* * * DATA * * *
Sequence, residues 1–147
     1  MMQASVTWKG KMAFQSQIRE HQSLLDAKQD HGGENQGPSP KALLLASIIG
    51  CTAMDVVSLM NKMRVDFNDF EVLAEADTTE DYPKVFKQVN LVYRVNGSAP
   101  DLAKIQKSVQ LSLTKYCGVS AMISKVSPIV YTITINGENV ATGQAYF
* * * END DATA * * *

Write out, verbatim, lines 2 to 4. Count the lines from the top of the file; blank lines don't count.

     1  MMQASVTWKG KMAFQSQIRE HQSLLDAKQD HGGENQGPSP KALLLASIIG
    51  CTAMDVVSLM NKMRVDFNDF EVLAEADTTE DYPKVFKQVN LVYRVNGSAP
   101  DLAKIQKSVQ LSLTKYCGVS AMISKVSPIV YTITINGENV ATGQAYF